Commissioning a Work of Sculpture

“A sculptor’s work endures so long that it is next to a crime for him to neglect to do everything that lies in his power to execute a result that will not be a disgrace. There is something extraordinarily irritating, when it is not ludicrous, in a bad statue.”

— Augustus Saint-Gaudens, NSS Founding Member

The New York Times reported on May 31, 1893 that a group of sculptors, architects and laymen gathered to form the National Sculpture Society, whose objectives included: “To spread the knowledge of good sculpture…promote the decoration of public buildings, squares and parks with sculpture…” Today, NSS continues to encourage sculpture and commissioned works of the highest artistic standards by serving as a resource for artists, architects, and commissioning parties.

If you are planning to commission a sculptor to create a public work or a work for a private space, the following brief overview should be helpful.


  • Is there a budget in place?
  • Is there a timeline in place?
  • Who is going to review the applications?
  • Is there a designated space for the work?


Have you answered in the affirmative to the questions above? If so – great! You are ready to find a sculptor that fulfills your criteria and vision. For public works, this is generally a more complicated endeavor that it is for private commissions. One process that has been used successfully in the past to commission a work of public sculpture is as follows:

  • Establish a committee to oversee the process and make the selection
  • Draft a request for proposal (RFP); this is a document that solicits a proposal
  • The committee identifies sculptors whose work is of interest (decide on a number)
  • Send the RFQ or RFP to the sculptors identified as prospects by the committee or circulate to a broader audience if you wish to expand your search.
  • Committee reviews proposals received
  • Committee selects 3 finalists
  • Each of the finalists creates a maquette, or model, of their proposal and is paid an honorarium for their work
  • Committee selects a winner
  • A contract is signed with the sculptor

You will need a long-range budget and initial funding to cover the RFP process and honoraria for the finalists. Every stage of the competition should be announced to the press, shared with your audience, and posted on your social media and website. The process itself should engage your constituents and generate public awareness and interest in the project. Likewise, the completion of the maquettes by the finalists provides an excellent opportunity to raise funds for your project.


There are two standard types of “Calls for Artists”. Calls may be open and broad, or narrowed by region, state, media, subject, experience, or other criteria.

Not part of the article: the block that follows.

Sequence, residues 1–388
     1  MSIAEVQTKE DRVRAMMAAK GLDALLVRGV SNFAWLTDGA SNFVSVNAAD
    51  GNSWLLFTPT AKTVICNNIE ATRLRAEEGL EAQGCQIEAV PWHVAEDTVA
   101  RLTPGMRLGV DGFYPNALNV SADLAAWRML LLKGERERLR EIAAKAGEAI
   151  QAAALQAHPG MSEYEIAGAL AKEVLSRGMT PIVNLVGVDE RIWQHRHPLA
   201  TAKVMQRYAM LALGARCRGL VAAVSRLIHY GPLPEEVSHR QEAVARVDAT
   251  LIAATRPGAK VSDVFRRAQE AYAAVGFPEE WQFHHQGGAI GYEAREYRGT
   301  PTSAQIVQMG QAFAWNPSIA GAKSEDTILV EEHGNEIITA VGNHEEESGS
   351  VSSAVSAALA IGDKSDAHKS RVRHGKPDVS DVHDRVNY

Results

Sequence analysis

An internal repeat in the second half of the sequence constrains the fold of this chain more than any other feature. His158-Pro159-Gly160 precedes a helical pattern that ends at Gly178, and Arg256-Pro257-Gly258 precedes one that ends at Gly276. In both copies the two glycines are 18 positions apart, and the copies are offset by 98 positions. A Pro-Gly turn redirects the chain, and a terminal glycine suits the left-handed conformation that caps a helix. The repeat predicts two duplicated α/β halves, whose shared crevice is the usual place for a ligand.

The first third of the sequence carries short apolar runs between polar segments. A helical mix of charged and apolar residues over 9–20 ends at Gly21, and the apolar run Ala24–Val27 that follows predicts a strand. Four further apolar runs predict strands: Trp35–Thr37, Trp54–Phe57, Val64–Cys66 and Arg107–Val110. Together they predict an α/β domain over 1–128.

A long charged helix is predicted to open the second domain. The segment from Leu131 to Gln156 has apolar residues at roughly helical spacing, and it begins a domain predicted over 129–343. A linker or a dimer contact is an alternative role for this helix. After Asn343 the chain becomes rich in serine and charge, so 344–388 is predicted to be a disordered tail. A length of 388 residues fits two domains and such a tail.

Requests for Qualifications (RFQ)
An RFQ is commonly used when the commissioning body is interested in a larger pool of applicants for a project. Applicants are asked to submit qualifying materials only (resume, slides of past work, letter of interest, etc.) that a panel will use to determine suitability for the project. A specific proposal is not requested.

Most RFQ’s use a tiered approach to selection. Based on the qualifying materials submitted, the pool of applicants is narrowed by a selection committee to 3 to 5 artists to move forward in the competition. Finalists may be asked to submit a more detailed proposal, perhaps asked to visit the site, and make a presentation. Artists who are finalists should be fairly compensated for their time and expertise in preparing a design proposal and any travel associated with a site visit and/or presentation.


  • Any eligible artist can compete through the quality of their previous work.
  • You may be introduced to artists and work that you could not find on your own.


  • Artist’s qualifications are primarily judged on the visual materials submitted, not on a site-specific proposal for your project.
  • There is typically a larger applicant pool. Depending on the number of applicants, narrowing the field and the overall process can be time consuming.

Request for Proposals (RFP)
An RFP is used when a commissioning body wants an already qualified pool of applicants or when streamlining the process is desirable. Artists are asked to submit their qualification materials and a proposal for a specific site.


  • The process is shorter
  • You will be judging the proposals on a design specific to your project, as well as the artists’ submitted body of works.


  • A highly qualified artist may escape your focused search, and therefore would not be considered for the project.
  • You will be paying a stipend to 3-5 artists who reach the semi-final selection process for their design.


Public commissions involve committees and several stages of approval processes. Most private commissions, on the other hand, are between an individual or corporate entity and the artist. In both cases, we strongly recommend that a contract is written and agreed on by the commissioning agent and the artist.

In drafting a contract, consider the responsibilities of both parties, the time frame, and the related costs. These include but are not limited to:

  • Deadline for initial design by sculptor
  • Date of first payment to sculptor
  • Amounts and dates of progress payments by commissioning agent to sculptor
  • Projected completion date of work
  • Who will be responsible for insurance, shipping, and installation?
  • Title and Ownership of work
  • Artist’s ownership of copyright
  • Owner’s responsibility to maintain the work
  • Protecting the work: non-destruction or alteration of the original work of sculpture
  • Termination clause